Province forced to backtrack on coal mining projects following removal of protections
By Noel Harper, News Editor
In May 2020, the Alberta government removed an environmental policy aimed at protecting some of the province’s natural areas from being used for coal mining operations. The policy, which was in place since 1976, expired the following month in June. However, the government’s post-coal policy plans resulted in outcry, thanks to a recent public awareness campaign.
The Coal Policy is described as “obsolete” and predating “modern regulatory processes” on the province’s coal guidelines webpage. Crown lands in western Alberta were divided into four categories of coal leasing by their sensitivity to development, location and type of ecosystem.
They ranged from category 1 — which encompasses much of Alberta’s western border with B.C. including both Banff and Jasper National Parks, where no coal development could take place — to adjacent category 2 lands where open-pit mines were forbidden, to categories 3 and 4, which had the least amount of restrictions per the 1976 policy.
With the removal of the Coal Policy, the four categories were also removed. Those areas designated as category 1 under the policy would still be protected under new regulations, the government says, but category 2 lands are now subject to further open-pit coal leases.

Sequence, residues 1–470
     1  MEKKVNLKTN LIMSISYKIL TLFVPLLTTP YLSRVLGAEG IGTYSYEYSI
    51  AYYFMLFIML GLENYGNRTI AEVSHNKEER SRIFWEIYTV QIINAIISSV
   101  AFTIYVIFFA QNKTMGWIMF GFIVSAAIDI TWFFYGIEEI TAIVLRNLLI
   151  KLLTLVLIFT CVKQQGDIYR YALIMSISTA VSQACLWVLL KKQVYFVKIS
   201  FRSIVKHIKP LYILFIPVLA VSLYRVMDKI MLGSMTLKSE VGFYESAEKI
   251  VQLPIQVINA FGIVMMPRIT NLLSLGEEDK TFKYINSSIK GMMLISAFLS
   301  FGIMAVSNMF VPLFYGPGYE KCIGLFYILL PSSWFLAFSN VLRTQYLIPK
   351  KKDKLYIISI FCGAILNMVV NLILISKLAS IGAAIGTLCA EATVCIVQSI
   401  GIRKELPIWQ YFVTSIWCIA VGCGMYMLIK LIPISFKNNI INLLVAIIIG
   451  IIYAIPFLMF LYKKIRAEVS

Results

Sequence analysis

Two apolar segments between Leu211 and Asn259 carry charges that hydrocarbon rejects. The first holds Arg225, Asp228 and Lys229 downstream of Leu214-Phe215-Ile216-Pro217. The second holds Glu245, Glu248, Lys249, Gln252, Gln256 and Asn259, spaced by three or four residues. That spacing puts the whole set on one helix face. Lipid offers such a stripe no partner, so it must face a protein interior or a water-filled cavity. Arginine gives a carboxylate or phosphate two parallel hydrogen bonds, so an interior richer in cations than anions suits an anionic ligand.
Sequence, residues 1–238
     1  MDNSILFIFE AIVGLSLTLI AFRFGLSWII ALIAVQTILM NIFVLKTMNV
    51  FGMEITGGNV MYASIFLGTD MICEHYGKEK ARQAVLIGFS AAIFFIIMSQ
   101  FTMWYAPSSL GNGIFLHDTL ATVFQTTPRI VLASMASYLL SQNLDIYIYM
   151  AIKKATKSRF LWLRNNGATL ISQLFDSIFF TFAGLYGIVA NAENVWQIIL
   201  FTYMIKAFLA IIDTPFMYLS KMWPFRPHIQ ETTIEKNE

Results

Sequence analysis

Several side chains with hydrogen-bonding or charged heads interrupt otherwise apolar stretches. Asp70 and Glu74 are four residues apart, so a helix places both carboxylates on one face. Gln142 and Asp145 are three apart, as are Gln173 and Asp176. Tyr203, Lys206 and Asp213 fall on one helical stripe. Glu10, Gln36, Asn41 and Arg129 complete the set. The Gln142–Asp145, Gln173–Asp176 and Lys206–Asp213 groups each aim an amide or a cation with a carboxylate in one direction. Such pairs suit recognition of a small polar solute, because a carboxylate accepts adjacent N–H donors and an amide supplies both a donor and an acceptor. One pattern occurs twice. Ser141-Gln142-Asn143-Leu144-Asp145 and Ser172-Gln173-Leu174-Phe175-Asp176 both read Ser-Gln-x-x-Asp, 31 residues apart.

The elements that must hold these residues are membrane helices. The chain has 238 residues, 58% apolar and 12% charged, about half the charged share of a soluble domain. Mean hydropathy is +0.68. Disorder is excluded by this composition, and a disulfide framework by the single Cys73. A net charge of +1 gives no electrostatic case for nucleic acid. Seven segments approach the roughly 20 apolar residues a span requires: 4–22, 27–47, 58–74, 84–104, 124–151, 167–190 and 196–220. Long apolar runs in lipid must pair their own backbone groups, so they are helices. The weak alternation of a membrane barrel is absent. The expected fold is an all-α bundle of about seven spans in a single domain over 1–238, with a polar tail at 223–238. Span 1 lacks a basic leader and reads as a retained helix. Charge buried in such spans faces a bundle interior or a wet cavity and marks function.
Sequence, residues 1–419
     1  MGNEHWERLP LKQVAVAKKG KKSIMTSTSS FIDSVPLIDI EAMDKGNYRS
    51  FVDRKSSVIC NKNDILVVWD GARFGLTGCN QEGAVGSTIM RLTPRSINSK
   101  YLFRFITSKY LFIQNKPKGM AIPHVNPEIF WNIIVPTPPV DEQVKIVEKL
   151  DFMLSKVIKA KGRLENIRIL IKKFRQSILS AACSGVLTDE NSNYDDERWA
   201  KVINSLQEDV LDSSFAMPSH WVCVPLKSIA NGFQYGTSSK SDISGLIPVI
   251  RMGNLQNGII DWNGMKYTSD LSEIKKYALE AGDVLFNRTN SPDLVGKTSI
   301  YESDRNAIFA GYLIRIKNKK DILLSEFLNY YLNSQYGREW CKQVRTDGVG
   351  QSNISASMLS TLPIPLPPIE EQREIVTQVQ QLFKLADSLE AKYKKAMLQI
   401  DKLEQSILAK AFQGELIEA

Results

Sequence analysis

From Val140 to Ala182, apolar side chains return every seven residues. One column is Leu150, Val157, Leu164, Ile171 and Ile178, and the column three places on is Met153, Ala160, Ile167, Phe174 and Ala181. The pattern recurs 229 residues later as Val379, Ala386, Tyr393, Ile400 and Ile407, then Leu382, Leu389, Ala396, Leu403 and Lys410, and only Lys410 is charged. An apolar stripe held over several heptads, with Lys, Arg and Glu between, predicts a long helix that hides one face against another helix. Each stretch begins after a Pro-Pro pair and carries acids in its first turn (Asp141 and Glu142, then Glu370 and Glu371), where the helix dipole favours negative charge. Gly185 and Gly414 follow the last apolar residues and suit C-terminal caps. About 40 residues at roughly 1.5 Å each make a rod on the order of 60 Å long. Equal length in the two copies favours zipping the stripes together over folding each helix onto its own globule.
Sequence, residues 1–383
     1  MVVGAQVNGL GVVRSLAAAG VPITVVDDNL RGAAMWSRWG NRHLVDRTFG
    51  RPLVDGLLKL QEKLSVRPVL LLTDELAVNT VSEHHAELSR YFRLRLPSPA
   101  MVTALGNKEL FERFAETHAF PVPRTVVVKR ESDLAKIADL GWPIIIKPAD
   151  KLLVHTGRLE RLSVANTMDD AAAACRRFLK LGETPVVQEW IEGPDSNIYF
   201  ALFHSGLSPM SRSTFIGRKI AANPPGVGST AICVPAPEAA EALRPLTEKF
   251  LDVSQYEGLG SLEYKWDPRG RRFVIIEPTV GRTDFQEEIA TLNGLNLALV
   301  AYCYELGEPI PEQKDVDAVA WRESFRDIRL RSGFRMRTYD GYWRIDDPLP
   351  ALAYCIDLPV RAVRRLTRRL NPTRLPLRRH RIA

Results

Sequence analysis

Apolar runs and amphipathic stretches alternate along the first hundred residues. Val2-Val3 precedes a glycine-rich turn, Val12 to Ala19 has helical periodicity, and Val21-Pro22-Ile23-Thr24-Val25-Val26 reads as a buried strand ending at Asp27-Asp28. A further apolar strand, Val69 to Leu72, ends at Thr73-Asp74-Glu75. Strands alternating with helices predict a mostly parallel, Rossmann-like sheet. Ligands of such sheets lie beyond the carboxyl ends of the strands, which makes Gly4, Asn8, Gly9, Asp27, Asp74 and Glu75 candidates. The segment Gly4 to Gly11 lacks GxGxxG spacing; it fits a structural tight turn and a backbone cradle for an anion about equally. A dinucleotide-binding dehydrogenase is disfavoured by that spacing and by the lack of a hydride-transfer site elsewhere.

The province began to demonstrate its new coal mining rules in December by granting 11 new coal leases in former category 2 territory. These projects would focus not on thermal coal — used for coal power — but instead metallurgical coal, which is used in the production of steel.
The leases represented a fraction of the category 2 areas that could be mined under the province’s new policy. But, the 11 leases were, in effect, a test of new coal mining abilities in Alberta, coming months after the protections were first removed.
Once public figures in the province began to speak up about how the issue would affect the prairies, Albertans at large began to pay attention.
In a YouTube video posted in early January, country singer Corb Lund explains how Alberta ranching families brought these changes to his attention.
“From what I understand, there wasn’t a whole lot of consultation with the public, or ranchers or farmers, or First Nations people, or municipalities or anything. I don’t think that’s how you should govern,” Lund says in the video.
Lund’s calls for a closer look at these changes were soon echoed by his fellow musicians Paul Brandt, Terri Clark and k.d. lang.
On Jan. 18, the province announced that coal leases were being paused in category 2 areas, and the few leases assigned in December were to be cancelled outright.
“Under the current terms, just as it was under the 1976 coal policy, coal leases do not allow for exploration, development or production without a comprehensive regulatory review,” reads a statement from Alberta Energy Minister Sonya Savage.
Coal mining projects that began before December continue to be reviewed by the province.